How steps are you taking to try and solve gender imbalance in the media?
We’re trying to move the needle statistically on the percentage of females in the media, from a quality and quantity standpoint. We regularly measure our progress because there are many movies and TV shows that have come out where we’ve had an impact. We surveyed thousands of content creators who were familiar with our research. They had participated in an event, read our research or had seen a presentation: 68% of them said they had changed two or more projects and 41% said they had changed four or more projects. When we asked them specifically what they did, they said they added more female characters to background scenes, gave them a job, took some non-speaking female characters and gave them speaking role, hired more female crew. We need to get to that tipping point where there’s enough female presence where you don’t notice it any more.
Have you done any research on how women are portrayed in advertising?
We haven’t, only because we don’t have the financial resources to do it. However, Jean Kilbourne has historically done a lot of research around female presence in advertising. The Unilever Dove Self Esteem project has looked advertising and body image.
Do brands have a responsibility in how they portray women and girls in their advertising?
Absolutely. I think there’s a few factors to consider. Women are the lead purchaser: 85% of all purchases are made by women. When you look at selling to women and girls, it’s important for brands to be mindful of their message and how they’re depicting women. When it comes to hiring people, it’s important for brands that their media message is attractive to women and girls so that they therefore will want to work for those companies.
At Contagious, we’ve been investigated the trend of Brand Feminism, where brands are putting gender equality on the marketing agenda. What’s your opinion of brands exploring female empowerment in this way?
I think it’s really fantastic because these brands are advertising 52 weeks a year. Their reach and frequency is extremely powerful. They’re able to celebrate women and girls and try to dispel some stereotypes. I really think it helps.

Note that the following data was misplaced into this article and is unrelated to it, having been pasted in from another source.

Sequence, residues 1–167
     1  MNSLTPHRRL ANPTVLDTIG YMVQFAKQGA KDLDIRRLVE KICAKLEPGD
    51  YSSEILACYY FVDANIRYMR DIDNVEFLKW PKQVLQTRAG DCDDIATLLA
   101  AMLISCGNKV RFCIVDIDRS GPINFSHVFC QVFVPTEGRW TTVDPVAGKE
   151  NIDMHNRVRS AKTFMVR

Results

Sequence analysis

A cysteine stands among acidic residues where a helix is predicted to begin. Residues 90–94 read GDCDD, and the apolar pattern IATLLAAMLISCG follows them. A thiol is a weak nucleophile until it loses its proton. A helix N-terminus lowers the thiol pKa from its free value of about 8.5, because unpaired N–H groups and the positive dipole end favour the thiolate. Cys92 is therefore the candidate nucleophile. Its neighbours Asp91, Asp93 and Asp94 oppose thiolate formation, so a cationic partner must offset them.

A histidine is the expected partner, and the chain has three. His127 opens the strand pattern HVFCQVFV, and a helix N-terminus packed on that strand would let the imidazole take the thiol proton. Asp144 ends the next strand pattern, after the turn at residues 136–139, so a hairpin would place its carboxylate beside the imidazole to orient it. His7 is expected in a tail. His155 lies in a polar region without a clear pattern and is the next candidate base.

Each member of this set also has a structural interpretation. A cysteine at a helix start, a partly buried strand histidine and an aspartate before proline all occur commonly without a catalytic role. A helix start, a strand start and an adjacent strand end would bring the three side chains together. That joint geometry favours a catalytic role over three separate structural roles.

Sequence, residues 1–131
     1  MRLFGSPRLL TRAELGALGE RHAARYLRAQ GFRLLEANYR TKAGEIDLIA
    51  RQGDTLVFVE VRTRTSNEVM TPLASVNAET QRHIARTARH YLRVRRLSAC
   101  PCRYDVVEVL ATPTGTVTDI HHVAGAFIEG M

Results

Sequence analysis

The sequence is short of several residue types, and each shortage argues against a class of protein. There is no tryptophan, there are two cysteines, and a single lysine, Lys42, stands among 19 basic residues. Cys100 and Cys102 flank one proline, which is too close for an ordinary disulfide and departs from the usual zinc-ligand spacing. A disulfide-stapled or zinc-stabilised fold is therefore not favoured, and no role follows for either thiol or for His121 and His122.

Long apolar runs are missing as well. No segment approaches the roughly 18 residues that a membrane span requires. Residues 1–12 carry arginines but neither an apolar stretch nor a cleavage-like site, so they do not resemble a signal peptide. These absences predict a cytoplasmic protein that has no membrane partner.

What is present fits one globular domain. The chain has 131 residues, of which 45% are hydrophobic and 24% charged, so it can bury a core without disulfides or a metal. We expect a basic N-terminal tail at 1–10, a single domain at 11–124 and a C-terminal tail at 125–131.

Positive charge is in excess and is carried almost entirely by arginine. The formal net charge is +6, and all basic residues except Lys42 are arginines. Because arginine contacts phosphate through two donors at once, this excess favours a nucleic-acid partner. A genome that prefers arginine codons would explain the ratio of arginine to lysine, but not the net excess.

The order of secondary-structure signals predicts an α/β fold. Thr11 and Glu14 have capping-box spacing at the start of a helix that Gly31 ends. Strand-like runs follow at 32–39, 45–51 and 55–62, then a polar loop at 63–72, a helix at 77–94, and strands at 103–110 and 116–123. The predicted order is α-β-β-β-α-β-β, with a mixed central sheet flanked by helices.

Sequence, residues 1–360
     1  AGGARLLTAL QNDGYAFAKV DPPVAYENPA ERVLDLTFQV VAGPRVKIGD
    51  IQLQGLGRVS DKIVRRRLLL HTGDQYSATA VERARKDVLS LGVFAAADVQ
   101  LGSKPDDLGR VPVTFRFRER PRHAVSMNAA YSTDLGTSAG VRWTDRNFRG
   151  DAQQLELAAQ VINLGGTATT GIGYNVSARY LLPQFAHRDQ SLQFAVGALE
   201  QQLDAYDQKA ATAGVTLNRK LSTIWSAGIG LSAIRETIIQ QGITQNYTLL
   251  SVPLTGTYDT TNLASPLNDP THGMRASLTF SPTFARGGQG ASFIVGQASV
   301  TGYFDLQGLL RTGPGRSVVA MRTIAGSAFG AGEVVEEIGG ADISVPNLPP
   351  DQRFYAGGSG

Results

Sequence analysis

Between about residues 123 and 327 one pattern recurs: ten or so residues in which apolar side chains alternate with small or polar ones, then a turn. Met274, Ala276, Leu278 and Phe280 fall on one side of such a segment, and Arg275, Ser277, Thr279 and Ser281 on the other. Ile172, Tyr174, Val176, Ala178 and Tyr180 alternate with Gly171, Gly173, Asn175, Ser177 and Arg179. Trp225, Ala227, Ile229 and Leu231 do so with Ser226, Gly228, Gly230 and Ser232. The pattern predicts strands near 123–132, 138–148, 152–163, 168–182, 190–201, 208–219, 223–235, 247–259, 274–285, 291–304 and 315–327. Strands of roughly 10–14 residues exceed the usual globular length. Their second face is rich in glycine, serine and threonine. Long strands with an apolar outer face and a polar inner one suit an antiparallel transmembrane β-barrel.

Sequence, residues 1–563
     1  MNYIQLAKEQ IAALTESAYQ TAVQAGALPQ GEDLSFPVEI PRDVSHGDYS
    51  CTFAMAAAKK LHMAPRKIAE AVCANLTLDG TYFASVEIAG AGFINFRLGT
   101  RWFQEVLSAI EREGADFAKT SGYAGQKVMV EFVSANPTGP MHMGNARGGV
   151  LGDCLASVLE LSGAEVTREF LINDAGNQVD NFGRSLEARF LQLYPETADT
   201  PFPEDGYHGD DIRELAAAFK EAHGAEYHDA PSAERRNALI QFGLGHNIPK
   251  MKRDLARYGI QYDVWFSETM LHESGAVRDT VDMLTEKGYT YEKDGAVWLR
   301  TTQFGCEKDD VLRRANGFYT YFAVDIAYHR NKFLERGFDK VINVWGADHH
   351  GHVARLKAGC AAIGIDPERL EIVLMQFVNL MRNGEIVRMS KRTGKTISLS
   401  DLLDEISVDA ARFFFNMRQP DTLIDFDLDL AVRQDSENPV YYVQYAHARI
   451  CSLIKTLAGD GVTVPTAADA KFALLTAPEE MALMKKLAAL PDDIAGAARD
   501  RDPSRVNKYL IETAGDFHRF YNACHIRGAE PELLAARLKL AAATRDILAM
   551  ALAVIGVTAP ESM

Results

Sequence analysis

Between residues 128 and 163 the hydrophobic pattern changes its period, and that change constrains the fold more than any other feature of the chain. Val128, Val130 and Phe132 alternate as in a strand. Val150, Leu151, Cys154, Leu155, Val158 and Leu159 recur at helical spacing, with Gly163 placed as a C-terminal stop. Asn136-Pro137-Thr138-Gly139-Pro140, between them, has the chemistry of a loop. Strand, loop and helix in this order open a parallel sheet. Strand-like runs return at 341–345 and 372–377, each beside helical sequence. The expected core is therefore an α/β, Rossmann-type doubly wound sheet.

Is it appropriate for all brands to explore Brand Feminism? Do they have to female focused brands?
Not at all. If you looks at brands like Gillette or Axe, I think there’s a big opportunity considering for them to also have female positive messaging, considering that women are the ones who are buying their product.
Your organisation is US-based. Does the gender disparity in media that you speak of hold true across the world?
We completed the first ever global gender and film study where we looked at the biggest theatrical territories around the world. What we found is that, for the most part, the type of gender disparity that we find in the US is very similar outside the country. We found that across the board less than a quarter of films featured a female lead or co-lead. And only 10% had a gender balanced cast. It was about a ratio of 2.4 to 1 across all of these territories. So the numbers are very similar. We also found out that, behind the scenes, out of around 1,500 filmmakers only 20% were women.
What message do you have for people who work in marketing and advertising?
We would love them to join us! All of our research and educational materials are available for free. We would love them to support our work.